2 Likes    Bookmark   January 28, 2013 at 3:32AM
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Love a lot of the ideas and suggestions and find them helpful as my kitchen needs some work, the first being new flooring. Anyway as to the clutter on the fridge, I have taken cork and mounted on the inside of a cabinet door and use it for notes and papers that I need in the kitchen. It sure helps my kitchen look neater!
    Bookmark   January 28, 2013 at 6:00AM
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Yes, we now use the insides of tall pantry doors as posting boards for what used to go on the fridge before we got stainless steel appliances. Just as handy, and out of sight.
    Bookmark   January 28, 2013 at 6:08AM
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I had a 1950's kitchen that was remodeled in the 70's, thus the orange vinyl and avacado appliances, so I feel your pain. I had a very limited budget so I found discounted vinyl to replace the old stuff, worked some overtime and put a thousand into a new laminate, slate look counter, new sink and faucet. I painted the cupboards and here is the best thing- There is a product that will go onto the old finish and make it tacky so you can prime right over it without sanding. After that you can paint with a sturdy enamel- its a lot less hassle. Change your hardware, and you are well on your way to feeling better about your kitchen.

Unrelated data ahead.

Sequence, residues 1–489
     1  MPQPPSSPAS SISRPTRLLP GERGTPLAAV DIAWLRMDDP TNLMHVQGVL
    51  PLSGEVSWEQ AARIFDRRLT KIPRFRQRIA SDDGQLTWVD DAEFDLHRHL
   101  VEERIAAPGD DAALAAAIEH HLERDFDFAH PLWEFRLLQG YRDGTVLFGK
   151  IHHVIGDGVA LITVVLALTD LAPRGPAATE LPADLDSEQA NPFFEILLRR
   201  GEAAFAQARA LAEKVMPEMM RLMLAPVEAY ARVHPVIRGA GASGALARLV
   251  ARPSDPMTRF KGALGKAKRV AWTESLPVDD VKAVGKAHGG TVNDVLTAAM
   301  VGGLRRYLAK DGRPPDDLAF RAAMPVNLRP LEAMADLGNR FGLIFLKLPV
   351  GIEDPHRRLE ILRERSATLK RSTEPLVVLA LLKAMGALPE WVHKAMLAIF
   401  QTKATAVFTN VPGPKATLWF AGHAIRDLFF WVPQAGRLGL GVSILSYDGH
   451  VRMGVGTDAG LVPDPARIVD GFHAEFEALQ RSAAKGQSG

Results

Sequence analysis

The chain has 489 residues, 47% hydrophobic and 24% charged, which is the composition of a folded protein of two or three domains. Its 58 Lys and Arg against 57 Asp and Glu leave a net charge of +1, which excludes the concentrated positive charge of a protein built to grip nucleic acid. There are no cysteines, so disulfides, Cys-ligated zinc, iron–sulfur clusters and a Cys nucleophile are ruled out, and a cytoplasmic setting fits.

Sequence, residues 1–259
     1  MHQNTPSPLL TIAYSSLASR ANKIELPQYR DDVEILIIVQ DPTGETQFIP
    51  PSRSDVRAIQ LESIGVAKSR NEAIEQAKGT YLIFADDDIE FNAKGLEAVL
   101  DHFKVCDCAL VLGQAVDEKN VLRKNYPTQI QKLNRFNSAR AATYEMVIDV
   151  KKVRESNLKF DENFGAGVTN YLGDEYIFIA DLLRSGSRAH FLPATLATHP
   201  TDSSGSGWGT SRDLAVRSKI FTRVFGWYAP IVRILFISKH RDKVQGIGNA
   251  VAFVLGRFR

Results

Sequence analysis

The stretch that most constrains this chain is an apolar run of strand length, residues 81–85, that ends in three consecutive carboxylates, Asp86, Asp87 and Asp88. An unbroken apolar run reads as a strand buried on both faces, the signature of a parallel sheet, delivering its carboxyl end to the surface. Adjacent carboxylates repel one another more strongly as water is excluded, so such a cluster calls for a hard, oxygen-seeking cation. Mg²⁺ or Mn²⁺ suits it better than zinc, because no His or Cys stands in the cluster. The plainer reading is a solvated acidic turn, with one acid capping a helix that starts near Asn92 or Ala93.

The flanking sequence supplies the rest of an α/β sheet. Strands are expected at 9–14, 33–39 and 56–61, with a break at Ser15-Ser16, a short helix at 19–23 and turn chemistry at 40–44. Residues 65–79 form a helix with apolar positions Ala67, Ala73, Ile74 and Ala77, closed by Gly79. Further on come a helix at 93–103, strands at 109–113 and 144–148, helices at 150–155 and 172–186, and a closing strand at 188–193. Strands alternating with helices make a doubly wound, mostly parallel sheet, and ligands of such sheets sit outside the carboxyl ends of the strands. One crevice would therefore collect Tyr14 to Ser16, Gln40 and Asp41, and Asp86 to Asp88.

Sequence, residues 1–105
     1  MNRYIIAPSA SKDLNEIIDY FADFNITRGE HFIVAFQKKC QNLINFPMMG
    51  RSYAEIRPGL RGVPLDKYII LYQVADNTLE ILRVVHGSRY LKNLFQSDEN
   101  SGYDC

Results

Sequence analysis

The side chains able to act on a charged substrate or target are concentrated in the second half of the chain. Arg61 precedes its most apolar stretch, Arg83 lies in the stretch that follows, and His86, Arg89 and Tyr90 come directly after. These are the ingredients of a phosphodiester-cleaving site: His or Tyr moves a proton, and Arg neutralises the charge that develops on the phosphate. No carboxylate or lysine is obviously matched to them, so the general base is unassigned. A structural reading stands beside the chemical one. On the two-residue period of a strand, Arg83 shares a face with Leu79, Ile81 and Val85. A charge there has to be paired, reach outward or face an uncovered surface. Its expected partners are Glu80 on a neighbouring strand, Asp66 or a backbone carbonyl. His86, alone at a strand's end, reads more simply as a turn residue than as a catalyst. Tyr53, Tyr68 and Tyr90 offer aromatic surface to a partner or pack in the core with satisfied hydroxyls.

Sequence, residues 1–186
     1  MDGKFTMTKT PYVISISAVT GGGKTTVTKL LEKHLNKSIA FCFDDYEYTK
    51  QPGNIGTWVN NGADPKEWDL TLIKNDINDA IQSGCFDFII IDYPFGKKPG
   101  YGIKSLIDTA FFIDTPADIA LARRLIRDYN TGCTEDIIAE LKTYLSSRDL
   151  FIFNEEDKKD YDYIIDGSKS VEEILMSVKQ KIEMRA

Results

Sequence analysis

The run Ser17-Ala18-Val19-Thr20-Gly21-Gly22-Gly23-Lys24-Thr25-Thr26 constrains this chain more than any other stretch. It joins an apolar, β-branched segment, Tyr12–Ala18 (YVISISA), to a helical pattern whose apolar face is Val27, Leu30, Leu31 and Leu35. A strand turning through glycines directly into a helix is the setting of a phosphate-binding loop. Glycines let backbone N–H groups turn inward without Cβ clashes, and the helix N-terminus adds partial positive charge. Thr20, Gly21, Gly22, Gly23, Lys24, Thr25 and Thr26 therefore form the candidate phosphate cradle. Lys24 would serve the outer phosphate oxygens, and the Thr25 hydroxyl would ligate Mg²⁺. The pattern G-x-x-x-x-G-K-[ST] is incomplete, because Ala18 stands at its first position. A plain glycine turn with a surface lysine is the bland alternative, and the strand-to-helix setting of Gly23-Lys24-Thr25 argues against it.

Bookmark   January 28, 2013 at 8:12AM
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oh, and for the backsplash, there are all kinds of things you can do. I found a rustic mosaic tile wallpaper. It actually had the texture and look of stone tile, and people would go up to it and touch it before they realize it was paper. It washed well too. You can also used placemats ( there are all kinds of material used for placemats now). Painted beadboard makes a nice backdrop and it doesn't have to be made of expensive hardwood. The ideas are endless. Faux tin ceiling tiles, or textured wall paper made to look like tin ceiling tiles.
    Bookmark   January 28, 2013 at 8:17AM
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sorry for being so long winded! I would love to have at this kitchen! Find a salvaged bit of architechture and fit it beneath the sink in place of those vented panels. Replace those heavy curtains with simple blinds or shutters. (Check out your local Habitat for Humanity store. They have tons of contractor leftovers at huge savings.) Good luck and have fun being creative!
    Bookmark   January 28, 2013 at 8:24AM
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looks like my old kitchen. I worked with a handy man to add wood strips on the cabinets for a shaker style. Painted top a mossy green and the bottom I stained and refaced bombay mahogony.
2 Likes    Bookmark   January 28, 2013 at 1:44PM
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Jess D
Wow! Thanks chartstein. this really helps me visualize all our kitchen could be :)
    Bookmark   January 31, 2013 at 3:52PM
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Sue So